Lawn Tennis. The turf of the greats like Rafael, Roger & Novak and of course Nduka Odizor of yesteryears. I love this game but unfortunately it hasn’t been one that I have excelled in. I have been getting on the Tennis Court since 2007 with mixed results. From VGC Club House, Ikoyi Club and a couple of Club courts here, I was hopeful, and rightly so, that I would become a force to reckon with in the game. It hasn’t been so.
Here, I have been a regular with the sport for upwards of two years. The irony had been that the more I played, the worse I became. Doubts, about my abilities started setting in. The body didn't make it easier as well. Plantar fascia, tennis elbow and cramps all wear the body down. I know I am not getting younger but seeing a 78 year old hitting the ball on the court, I became certain that my body is just being rebellious.
My racquet was a suspect but I quickly dismissed the idea. Isn’t it said that a bad workman quarrels with his tools? I could have jilted that antiquity that saw me through the hard courts of Ikoyi Club but took to work on my skills. My serving became worse, almost of no threat to even a beginner in the game. My returns did not fare better. Then fate seemed to get tired of laughing at me, it became bored with my performance and by happenstance allowed the grip on my racket to get damaged.
Instead of throwing this piece of shame away, I embraced it and was seeking out someone who could help with fixing a new grip. The cost? 30 quid! That marked the turning point as I reasoned that I could get a better deal. With a new racquet selling for a 100, it’s ludicrous to spend 30 just to get a new grip fixed. In my search for a replacement, I was able to get a Federer branded Wilson Racquet. It looked good and I stepped on the Tennis Court with a renewed vigour. It was mid-week and I was unbelievable on the courts. Everyone was amazed, dumbfounded at the sudden and steep transformation. I had gotten my mojo back.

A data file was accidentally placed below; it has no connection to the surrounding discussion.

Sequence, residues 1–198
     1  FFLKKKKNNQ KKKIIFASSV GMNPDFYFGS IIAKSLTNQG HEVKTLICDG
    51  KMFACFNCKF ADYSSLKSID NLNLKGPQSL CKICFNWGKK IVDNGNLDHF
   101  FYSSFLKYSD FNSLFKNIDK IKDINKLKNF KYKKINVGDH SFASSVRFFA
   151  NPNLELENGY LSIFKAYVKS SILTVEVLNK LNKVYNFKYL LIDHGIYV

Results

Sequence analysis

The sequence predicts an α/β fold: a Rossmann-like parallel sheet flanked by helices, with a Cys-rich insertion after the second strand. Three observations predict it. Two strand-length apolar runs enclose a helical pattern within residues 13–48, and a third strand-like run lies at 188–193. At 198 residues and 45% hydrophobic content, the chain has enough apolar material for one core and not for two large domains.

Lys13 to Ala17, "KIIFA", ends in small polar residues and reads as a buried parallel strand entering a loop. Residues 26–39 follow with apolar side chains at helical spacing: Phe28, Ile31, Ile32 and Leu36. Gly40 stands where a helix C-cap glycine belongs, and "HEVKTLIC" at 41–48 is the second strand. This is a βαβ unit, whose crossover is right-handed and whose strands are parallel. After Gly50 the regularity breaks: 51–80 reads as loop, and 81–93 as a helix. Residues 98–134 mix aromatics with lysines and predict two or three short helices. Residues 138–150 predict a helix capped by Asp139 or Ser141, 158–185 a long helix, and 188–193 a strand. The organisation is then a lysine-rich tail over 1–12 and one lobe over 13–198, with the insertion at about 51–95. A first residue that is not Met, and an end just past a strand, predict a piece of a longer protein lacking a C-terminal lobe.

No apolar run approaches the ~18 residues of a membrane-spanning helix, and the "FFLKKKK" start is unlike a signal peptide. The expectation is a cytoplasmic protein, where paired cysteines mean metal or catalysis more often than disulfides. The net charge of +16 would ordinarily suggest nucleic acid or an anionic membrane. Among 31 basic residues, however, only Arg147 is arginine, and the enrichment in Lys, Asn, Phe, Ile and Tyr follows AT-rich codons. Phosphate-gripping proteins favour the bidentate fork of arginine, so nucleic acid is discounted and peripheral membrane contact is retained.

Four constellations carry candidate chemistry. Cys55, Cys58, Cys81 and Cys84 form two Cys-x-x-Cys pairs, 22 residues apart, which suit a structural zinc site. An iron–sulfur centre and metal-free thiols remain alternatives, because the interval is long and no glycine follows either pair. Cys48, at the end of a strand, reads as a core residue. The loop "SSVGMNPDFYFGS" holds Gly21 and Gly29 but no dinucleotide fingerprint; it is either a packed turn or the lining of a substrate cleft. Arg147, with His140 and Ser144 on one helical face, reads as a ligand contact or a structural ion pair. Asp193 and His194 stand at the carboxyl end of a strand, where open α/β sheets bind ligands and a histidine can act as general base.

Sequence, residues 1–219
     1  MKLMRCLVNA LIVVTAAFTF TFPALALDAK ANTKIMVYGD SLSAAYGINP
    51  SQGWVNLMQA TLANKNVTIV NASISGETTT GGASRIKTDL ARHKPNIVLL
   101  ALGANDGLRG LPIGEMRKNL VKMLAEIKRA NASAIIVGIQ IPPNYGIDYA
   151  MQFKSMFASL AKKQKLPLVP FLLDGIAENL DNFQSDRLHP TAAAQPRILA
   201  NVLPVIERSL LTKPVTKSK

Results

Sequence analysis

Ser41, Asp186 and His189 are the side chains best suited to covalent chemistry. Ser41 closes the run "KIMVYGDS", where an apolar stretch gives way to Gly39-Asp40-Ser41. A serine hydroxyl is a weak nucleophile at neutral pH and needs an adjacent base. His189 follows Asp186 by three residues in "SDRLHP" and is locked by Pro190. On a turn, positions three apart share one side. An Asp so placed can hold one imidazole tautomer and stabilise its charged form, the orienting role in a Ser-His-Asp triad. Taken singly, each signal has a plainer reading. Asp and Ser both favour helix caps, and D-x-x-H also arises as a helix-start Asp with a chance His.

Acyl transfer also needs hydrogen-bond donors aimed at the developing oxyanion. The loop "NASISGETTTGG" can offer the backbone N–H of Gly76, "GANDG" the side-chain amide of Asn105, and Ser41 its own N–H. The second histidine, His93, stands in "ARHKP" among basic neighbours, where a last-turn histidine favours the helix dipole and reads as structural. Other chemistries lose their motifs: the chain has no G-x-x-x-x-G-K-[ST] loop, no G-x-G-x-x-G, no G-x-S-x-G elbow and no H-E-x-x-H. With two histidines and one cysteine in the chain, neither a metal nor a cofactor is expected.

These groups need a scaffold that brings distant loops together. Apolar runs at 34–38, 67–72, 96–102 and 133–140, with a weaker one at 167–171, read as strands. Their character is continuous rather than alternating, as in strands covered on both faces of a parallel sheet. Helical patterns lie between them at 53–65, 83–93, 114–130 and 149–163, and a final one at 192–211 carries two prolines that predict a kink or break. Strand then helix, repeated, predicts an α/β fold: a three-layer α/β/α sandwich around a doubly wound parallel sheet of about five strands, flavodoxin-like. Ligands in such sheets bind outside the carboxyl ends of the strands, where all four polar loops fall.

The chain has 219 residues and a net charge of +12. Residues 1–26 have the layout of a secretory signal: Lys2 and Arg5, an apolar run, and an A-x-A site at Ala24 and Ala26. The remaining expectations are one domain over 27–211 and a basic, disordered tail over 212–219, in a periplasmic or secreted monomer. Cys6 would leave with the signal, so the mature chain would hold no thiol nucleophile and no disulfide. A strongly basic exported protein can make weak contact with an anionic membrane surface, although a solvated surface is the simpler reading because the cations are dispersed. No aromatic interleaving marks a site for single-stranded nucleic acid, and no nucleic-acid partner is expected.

As I left the courts that week, I drove back home with much joy. I gave some thought to what happened and was so angry with myself that I allowed a deplorable situation to continue for that long. I concluded that the saying that a bad workman quarrels with his tools maybe true but doesn’t imply that everyone that quarrels with his tools is a bad workman. It also dawned on me that no matter how skilled you are, if you are working with antiquated tools, you really can’t be productive. Consider someone, in this computer age, still insistent on typing letters using a manual typewriter, what an headache that’s got to be?
Lesson learnt, we need to constantly sharpen our tools. The shining tools of today become dull with use and passage of time.